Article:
In order to be available for such withdrawals during difficult times, deposits must be placed in the Stabilization Fund during good times. General Law dictates how this should occur, although the General Appropriations Act (the annual state budget) occasionally includes language overriding these requirements.
The foremost source of deposits into the Stabilization Fund is generally capital gains collections, which are directed to the fund when they exceed an annually designated threshold. For FY 2023, that threshold was $1.4 billion.

A simple solution to the conflicting directives of the Fair Share Amendment and other funds would be to clarify a two-step process, with each step independent of the other. In the first step, all income would be subject to the current 5 percent rate (12 percent for the relatively small amount of short-term capital gains), as at present. Any capital gains revenue in excess of the annual capital gains threshold that is collected during this step would be deposited to the Stabilization Fund, as is done currently. In the second step, the Fair Share surtax would be applied to the portion of each tax filer’s income above $1 million. Regardless of whether it is derived from capital gains, this revenue would not be deposited in the Stabilization Fund or the public pension or retiree benefits fund.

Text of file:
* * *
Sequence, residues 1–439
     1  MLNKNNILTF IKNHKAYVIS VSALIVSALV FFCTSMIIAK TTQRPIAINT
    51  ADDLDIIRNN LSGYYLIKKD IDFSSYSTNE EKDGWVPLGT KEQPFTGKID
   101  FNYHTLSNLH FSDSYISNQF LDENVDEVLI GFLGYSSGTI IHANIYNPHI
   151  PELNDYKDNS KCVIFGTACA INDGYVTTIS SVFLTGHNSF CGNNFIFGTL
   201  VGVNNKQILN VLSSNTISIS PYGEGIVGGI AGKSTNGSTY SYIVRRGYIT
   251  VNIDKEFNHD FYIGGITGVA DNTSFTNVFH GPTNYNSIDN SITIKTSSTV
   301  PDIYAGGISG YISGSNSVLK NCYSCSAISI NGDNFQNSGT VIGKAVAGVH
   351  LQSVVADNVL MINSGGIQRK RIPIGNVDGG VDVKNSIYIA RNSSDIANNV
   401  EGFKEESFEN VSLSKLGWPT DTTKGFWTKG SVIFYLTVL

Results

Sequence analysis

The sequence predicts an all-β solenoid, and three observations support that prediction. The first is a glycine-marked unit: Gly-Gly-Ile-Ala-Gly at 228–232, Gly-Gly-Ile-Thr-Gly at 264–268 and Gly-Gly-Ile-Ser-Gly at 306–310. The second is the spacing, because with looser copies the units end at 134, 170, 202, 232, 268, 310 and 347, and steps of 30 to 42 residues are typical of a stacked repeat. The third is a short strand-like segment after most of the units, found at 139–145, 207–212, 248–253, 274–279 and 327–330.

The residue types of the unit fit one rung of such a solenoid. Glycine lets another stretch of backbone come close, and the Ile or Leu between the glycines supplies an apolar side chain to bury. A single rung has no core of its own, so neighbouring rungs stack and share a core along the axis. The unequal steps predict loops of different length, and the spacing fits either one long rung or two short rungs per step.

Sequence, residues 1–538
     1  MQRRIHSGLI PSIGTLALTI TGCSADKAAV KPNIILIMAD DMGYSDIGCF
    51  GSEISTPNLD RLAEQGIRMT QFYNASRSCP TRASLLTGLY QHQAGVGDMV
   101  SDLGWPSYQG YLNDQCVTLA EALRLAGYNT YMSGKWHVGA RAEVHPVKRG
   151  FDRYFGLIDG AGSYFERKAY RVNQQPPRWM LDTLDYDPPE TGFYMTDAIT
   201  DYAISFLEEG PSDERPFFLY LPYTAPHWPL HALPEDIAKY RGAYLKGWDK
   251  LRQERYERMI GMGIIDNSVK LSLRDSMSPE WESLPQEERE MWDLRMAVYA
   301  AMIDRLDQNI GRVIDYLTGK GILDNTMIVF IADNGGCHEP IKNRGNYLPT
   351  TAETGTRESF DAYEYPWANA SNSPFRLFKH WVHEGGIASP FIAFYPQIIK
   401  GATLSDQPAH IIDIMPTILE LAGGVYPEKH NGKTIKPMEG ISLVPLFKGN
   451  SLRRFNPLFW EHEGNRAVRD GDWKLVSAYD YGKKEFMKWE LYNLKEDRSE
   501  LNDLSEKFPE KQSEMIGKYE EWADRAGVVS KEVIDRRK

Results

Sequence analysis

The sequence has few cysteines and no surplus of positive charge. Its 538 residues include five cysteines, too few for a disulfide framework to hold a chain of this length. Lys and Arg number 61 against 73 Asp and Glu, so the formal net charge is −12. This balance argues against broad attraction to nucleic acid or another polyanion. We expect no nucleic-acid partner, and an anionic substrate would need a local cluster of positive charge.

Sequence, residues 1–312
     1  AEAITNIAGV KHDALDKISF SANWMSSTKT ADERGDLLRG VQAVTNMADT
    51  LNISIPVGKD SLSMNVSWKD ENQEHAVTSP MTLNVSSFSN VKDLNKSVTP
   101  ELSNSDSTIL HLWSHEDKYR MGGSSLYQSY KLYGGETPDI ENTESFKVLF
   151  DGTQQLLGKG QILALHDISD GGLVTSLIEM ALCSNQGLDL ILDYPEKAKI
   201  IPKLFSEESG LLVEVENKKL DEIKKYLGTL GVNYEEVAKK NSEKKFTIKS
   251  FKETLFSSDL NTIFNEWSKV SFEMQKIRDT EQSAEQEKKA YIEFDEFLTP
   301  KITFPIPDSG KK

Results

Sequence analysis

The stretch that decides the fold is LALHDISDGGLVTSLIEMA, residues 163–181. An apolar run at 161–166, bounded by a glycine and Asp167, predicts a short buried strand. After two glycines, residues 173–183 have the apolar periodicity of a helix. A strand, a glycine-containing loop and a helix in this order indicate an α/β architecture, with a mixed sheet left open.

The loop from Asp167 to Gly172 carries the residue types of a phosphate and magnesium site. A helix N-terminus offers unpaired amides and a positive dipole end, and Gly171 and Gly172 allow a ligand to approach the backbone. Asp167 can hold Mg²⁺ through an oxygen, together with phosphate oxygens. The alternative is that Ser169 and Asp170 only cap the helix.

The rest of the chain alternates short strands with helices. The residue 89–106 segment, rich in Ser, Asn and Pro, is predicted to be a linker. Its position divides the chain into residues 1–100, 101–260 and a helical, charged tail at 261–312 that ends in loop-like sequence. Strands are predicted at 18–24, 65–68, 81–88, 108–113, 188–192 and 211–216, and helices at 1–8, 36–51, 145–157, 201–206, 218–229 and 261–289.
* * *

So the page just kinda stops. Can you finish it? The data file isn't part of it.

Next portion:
Ensuring that surtax revenue is not deposited into the Stabilization Fund also avoids another potential conflict between the constitutional provision and statutory enactments. Massachusetts General Law Chapter 29, Section H, specifies that “[i]f the amount remaining in the fund at the close of a fiscal year exceeds 15 per cent of the budgeted revenues and other financial resources pertaining to the budgeted funds, as confirmed by the comptroller in the audited statutory basis financial report for the immediately preceding fiscal year, the amounts so in excess shall be transferred to the Tax Reduction Fund.” But use of surtax revenues to fund tax reductions would violate the constitutional restriction on permissible uses of these funds. The constitution dictates that surtax revenue be used solely for transportation and education. Clarifying that surtax revenues are not deposited into the Commonwealth’s Stabilization Fund ensures that these revenues remain available for supporting education and transportation, regardless of Stabilization Fund balances.